The defendant asserts various arguments relating to his sentence. First, the defendant contends that he was entitled to the entire three point reduction available under U.S.S.G. § 3E1.1(a) and (b) for acceptance of responsibility, instead of the two point reduction he received. Second, the defendant argues that overpopulation of prisons and the cost of incarceration make his sentence substantively unreasonable when confinements to a halfway house or his home are viable options. Third, the defendant believes he will suffer financial harm from incarceration due to his inability to work and support his family (Doc. 63). Pursuant to 18 U.S.C. § 3143(b), a judicial officer shall order that a defendant who has been found guilty be detained pending appeal unless the specific factors discussed above are satisfied. However, in this case, defendant Garten fails to show by clear and convincing evidence that that the conditions set forth in § 3143(b) are satisfied.
a. Waiver of Appellate Rights
Prior to defendant's change of plea to guilty, Garten entered into a written plea agreement with government that included specific conditions and waivers, one of which being a waiver of appellate rights (Doc. 40). In the plea agreement signed by defendant, Garten unambiguously waived his appellate rights " except that if the sentence imposed is in excess of the Sentencing Guidelines as determined by the Court (or any applicable statutory minimum, whichever is greater), the Defendant reserves the right to appeal the reasonableness of the sentence" (Doc. 40). Under the U.S.S.G., Garten was given a sentencing range of 12 to 18 months, and sentenced to 12 months and 1 day, well within that range. The agreement explicitly states:
" 1. The Defendant understands that by pleading guilty in accordance with this plea agreement, the Defendant is waiving all appellate issues that might have been available if the Defendant had exercised the right to trial. The Defendant is fully satisfied with the representation received from defense counsel. The Defendant acknowledges that the United States has provided complete discovery compliance in this case. The Defendant has reviewed the United States' evidence and has discussed the United States' case, possible defenses and defense witnesses with defense counsel.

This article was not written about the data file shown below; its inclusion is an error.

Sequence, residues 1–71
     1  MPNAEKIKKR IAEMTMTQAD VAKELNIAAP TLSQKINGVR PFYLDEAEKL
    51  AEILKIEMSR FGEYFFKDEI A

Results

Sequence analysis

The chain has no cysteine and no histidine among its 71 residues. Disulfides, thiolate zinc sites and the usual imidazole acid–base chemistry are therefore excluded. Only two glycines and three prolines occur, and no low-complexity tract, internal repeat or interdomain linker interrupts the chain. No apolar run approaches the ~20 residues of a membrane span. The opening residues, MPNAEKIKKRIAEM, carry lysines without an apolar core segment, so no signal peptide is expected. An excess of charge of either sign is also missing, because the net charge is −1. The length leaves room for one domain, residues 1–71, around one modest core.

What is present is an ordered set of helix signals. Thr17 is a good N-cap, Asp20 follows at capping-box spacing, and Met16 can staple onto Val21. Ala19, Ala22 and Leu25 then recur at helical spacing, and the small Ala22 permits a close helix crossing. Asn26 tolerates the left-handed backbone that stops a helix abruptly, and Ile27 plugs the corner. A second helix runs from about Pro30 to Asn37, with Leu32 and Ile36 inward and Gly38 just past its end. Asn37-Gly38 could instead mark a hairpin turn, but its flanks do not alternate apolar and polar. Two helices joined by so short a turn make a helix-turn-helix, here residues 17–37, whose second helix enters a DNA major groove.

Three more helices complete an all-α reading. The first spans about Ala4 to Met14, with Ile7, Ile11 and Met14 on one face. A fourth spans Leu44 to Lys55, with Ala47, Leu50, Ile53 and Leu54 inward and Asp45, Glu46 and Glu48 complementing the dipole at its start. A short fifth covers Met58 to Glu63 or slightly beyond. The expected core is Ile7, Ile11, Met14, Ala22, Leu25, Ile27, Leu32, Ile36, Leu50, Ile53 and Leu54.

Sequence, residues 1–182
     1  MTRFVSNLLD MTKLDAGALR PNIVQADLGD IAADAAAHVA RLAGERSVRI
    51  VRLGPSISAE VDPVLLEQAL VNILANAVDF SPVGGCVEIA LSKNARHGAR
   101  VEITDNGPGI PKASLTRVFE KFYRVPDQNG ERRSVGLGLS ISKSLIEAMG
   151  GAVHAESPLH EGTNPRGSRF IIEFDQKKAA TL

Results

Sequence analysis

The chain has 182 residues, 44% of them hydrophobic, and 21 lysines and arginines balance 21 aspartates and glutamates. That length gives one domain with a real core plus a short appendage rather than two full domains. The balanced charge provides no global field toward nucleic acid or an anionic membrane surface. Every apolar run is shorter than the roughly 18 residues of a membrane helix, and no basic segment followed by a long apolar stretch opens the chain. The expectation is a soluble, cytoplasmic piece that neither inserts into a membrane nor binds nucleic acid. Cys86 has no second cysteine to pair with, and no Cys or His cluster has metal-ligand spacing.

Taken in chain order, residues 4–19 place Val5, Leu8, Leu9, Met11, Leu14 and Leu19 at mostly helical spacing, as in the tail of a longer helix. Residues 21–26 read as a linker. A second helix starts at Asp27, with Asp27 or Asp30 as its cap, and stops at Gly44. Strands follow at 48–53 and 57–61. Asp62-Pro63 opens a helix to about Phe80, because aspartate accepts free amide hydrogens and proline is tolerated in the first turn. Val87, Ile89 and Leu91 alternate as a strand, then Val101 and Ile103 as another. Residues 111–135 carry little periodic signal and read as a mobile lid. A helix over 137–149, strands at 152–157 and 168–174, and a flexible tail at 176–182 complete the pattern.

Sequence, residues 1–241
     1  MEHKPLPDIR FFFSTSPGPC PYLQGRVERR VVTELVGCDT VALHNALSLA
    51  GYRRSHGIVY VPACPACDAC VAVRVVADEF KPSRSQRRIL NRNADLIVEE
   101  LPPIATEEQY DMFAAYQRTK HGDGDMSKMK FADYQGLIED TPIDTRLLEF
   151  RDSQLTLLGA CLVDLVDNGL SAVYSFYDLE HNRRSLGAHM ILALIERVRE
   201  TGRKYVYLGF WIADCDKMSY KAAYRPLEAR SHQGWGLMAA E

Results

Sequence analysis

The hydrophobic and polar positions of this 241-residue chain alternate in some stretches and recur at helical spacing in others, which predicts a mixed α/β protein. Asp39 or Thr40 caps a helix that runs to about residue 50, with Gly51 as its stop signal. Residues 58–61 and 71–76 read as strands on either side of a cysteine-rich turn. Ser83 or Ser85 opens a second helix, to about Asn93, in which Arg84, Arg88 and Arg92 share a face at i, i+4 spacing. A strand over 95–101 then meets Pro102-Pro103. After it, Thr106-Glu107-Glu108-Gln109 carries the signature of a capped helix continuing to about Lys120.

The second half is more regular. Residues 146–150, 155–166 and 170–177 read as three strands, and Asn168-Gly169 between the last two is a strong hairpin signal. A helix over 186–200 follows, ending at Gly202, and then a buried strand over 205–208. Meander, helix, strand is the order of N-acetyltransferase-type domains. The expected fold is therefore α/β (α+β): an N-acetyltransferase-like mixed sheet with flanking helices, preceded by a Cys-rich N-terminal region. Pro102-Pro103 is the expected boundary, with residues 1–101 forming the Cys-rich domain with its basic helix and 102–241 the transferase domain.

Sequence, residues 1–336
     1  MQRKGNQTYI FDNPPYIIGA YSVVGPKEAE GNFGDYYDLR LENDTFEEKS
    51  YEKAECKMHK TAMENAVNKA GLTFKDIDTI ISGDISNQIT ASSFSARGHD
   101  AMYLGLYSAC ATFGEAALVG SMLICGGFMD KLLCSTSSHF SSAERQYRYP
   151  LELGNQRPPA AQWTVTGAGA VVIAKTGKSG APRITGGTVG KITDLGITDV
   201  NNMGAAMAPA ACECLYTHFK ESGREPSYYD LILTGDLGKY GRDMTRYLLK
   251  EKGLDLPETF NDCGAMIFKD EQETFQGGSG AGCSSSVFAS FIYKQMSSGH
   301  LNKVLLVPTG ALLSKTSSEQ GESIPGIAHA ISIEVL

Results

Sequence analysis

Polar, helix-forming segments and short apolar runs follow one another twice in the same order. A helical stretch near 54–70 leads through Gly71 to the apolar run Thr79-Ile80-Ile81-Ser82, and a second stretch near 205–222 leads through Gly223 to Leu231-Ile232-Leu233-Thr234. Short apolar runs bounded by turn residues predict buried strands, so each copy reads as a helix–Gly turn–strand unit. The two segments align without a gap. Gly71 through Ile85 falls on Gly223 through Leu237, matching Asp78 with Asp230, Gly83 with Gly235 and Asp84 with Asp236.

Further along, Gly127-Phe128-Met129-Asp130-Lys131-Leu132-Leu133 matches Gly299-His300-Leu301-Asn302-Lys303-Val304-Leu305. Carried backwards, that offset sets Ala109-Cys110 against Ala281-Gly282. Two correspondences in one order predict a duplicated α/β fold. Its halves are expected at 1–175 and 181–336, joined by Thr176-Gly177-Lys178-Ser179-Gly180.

2. The Defendant is aware that Title 18, Title 28, and other provisions of the United States Code afford every defendant limited rights to contest a conviction and/or sentence through appeal or collateral attack. However, in exchange for the recommendations and concessions made by the United States in this plea agreement, the Defendant knowingly and voluntarily waives the right to contest any aspect of this conviction and sentence that could be contested under Title 18 or Title 28, or under any other provision of federal law, except that if the sentence imposed is in excess of the Sentencing Guidelines as determined by the Court (or any applicable statutory minimum, whichever is greater), the Defendant reserves the right to appeal the reasonableness of the sentence. The Defendant acknowledges that in the event such an appeal is taken, the United States reserves the right to fully and completely defend the sentence imposed, including any and all factual and legal findings supporting the sentence, even if the sentence imposed is more severe than that recommended by the United States.
3. The Defendant's waiver of the right to appeal or bring collateral challenges shall not apply to: 1) claims of ineffective assistance of counsel; 2) any subsequent change in the interpretation of the law by the United States Supreme Court or the United States Court of Appeals for the Seventh Circuit that is declared retroactive by those Courts and that renders the defendant actually innocent of the charges covered herein; and 3) appeals based upon Sentencing Guideline amendments that are made retroactive by ...